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kao-aromatherapy.jpgA freshly baked batch of ginger snaps

A bouquet of gardenias

A pot of jasmine tea

A lavender-scented candle or body lotion

These casual encounters with aroma can evoke vivid memories of people, places and experiences. “This smell reminds me of…” most of us have said or thought at least once.

Aromatherapy is deeper and focused, using the scent of essential oils from plants for physical and emotional healing and well-being.  

ABCs of Aromatherapy

A Is for Aromatherapy

Here’s how the National Association for Holistic Aromatherapy defines aromatherapy:

“Aromatherapy, also referred to as Essential Oil therapy, can be defined as the art and science of utilizing naturally extracted aromatic essences from plants to balance, harmonize and promote the health of body, mind and spirit.  It seeks to unify physiological, psychological and spiritual processes to enhance an individual’s innate healing process.”

Essential oils have been used for therapeutic, spiritual, hygienic and ritualistic purposes for thousands of years by ancient Chinese, Indians, Egyptians, Greeks and Romans.  

The term “aromatherapy” was coined in the 20th century by French perfumer and chemist Rene- Maurice Gattefosse, who discovered the healing properties of lavender oil when he applied it to a burn on his hand caused by an explosion in his laboratory. Today, many lotions, candles, oils, beauty and cleaning products are labeled as aromatherapy, though some of them contain synthetic fragrances and not plant-based essential oils.

B Is for Benefits of Aromatherapy

Essential oils, commonly used in massage oils, lotions, baths, teas and diffusers, have a range of benefits, depending on the oil that is used.

Five of the most common oils and their benefits are:

  1. Chamomile, which helps relieve stress, anxiety and insomnia;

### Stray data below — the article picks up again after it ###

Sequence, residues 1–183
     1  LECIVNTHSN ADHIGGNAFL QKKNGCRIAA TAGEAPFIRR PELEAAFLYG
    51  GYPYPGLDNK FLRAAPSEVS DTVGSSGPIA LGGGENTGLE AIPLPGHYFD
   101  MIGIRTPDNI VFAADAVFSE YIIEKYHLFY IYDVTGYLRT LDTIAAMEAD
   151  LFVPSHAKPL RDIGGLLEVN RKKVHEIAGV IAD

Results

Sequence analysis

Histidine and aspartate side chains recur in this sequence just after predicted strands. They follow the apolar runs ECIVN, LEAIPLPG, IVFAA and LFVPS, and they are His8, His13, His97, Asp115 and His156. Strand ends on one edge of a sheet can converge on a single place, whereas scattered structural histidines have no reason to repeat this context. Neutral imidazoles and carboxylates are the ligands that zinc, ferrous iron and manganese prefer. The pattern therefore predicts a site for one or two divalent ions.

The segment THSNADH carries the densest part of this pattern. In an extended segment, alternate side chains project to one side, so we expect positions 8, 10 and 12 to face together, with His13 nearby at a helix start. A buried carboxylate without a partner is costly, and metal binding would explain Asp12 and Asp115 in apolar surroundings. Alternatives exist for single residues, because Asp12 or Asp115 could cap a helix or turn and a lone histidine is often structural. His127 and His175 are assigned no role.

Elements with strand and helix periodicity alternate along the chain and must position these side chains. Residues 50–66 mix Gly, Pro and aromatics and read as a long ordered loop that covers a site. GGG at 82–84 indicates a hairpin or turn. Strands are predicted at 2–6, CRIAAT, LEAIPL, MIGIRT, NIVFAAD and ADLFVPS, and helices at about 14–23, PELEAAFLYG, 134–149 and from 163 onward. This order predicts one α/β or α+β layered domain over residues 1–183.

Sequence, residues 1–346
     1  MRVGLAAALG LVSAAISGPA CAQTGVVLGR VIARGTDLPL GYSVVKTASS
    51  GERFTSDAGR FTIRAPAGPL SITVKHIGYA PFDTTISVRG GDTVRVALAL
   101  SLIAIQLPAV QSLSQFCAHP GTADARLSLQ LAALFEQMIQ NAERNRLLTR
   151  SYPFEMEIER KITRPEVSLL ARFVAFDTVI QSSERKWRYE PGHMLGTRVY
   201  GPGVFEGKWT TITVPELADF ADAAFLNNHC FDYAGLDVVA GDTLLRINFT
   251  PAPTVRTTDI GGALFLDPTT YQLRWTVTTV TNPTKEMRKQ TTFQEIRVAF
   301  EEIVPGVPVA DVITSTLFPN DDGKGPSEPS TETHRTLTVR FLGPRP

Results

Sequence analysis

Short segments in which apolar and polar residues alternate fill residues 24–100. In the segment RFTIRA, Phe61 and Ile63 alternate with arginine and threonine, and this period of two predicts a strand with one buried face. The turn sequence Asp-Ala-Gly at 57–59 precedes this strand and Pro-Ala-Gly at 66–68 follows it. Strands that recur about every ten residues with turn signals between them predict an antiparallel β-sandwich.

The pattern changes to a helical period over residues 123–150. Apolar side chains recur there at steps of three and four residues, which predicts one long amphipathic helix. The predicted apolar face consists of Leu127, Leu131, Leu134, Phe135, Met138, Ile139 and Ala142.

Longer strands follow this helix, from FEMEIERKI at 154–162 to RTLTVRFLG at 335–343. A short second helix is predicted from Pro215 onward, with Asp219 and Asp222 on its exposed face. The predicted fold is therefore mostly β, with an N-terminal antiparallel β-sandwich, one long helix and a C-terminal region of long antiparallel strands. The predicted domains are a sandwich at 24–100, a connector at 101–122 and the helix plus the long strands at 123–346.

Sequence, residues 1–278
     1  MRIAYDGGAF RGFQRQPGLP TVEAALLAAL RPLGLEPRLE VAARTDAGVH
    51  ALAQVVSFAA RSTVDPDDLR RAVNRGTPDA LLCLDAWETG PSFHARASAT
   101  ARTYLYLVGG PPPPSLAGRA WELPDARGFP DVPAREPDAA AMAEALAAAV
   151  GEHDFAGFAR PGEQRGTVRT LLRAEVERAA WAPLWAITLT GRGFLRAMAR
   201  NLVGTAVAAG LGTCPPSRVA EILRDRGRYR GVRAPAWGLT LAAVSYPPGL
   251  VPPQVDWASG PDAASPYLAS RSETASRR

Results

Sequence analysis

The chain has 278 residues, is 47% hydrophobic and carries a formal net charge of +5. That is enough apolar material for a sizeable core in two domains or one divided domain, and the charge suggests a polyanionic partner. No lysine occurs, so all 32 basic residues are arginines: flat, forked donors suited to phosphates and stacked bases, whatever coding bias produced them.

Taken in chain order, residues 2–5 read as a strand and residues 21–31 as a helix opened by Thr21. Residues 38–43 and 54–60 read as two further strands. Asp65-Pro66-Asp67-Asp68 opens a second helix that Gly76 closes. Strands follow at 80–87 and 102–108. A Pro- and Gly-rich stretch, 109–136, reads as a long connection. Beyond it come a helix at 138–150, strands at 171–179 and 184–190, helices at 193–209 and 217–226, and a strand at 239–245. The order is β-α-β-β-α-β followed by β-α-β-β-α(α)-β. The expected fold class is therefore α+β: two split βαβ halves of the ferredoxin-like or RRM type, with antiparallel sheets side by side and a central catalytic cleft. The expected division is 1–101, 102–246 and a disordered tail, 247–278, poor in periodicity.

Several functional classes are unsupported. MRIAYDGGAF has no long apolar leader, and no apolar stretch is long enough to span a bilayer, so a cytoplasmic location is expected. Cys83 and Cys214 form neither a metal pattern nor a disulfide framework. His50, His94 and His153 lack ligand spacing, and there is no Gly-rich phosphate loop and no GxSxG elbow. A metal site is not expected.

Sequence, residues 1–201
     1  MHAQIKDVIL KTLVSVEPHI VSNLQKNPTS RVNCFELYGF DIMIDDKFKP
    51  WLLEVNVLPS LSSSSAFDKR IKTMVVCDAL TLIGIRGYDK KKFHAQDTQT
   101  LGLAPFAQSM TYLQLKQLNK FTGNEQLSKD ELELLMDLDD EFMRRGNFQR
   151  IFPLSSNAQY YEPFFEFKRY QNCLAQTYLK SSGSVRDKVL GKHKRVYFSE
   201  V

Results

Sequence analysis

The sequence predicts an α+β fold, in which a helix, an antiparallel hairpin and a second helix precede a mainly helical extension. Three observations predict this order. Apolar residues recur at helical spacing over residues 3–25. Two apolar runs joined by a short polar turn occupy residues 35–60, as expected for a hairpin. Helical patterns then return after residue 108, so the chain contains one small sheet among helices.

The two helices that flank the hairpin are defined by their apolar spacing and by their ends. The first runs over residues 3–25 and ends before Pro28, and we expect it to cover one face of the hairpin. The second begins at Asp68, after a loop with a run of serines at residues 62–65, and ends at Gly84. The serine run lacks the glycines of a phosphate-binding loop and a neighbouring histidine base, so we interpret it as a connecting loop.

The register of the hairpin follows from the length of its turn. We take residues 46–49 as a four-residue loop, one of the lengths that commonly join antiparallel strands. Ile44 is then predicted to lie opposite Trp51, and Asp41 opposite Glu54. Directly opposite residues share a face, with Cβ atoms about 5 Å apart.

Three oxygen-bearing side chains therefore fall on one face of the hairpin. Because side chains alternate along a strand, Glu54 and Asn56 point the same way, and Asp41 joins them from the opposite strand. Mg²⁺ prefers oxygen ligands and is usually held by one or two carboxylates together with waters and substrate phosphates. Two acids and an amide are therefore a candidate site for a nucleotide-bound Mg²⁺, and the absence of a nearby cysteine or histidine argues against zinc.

2. Eucalyptus, used as an expectorant and decongestant for colds and flu;
  3. Ginger, which helps with seasickness, nausea and other digestive problems;
  4. Lavender, used to calm the mind and soothe the skin from wounds;
  5. Lemongrass, used to repel insects and for cleaning.

The University of Maryland Medical Center cites several studies on the healing benefits of aromatherapy.

During labor, pregnant women who were administered oils, particularly rose, lavender, and frankincense, by a qualified practitioner felt less anxiety and pain, and those who used peppermint oil reported less nausea and vomiting.

People with depression might benefit from massage therapy with essential oils (combined with medications or therapy). “The scents are thought by some to stimulate positive emotions in the area of the brain responsible for memories and emotions, but the benefits seem to be related to relaxation caused by the scents and the massage. A person’s belief that the treatment will help also influences whether it works,” according to the Medical Center.

Studies have also found that people with rheumatoid arthritis, cancer and headaches require fewer pain medications when they use certain oils.

C Is for Concoct Your Own Sweet-Smelling Product

There are lots of companies selling essential oils and products containing essential oils, and the products are easy to find, both online and in food/health and drug stores. A popular brand is Aura Cacia, which lists lots of recipes to make your own product.

For instance, make dryer sheets using its Pedal Power, a blend of orange, cedarwood and other oils.

In a measuring cup, combine vinegar and essential oil. In glass jar, arrange cloths, pour mixture over them, close lid and allow to soak into cloths.  To use, toss one cloth into dryer with wet clothes, then run dryer.

Other recipes include body scrubs, room sprays and garbage disposal cleaner.

A Word of Caution about Aromatherapy

Essential oils are generally safe for topical and inhaled use.

“You should never take essential oils by mouth unless you are under the supervision of a trained professional. Some oils are toxic, and taking them by mouth could be fatal,” the University of Maryland Medical Center advises. (To find an aromatherapist, visit the member directory of the National Association for Holistic Aromatherapy.

Keep essential oils out reach of children and pets.

Because essential oils are highly flammable, keep away from candles, fires and other flames.

More safety information is found here.

Are you concerned about your health? We are, too. That’s why we offer information about health and fitness of interest to older adults. Contact us to schedule a tour to discover the many ways Kendal at Oberlin supports your health.

10 best practices for staying healthy after age 60


Molly Kavanaugh frequently wrote about Kendal at Oberlin for the Cleveland Plain Dealer, where she was a reporter for 16 years.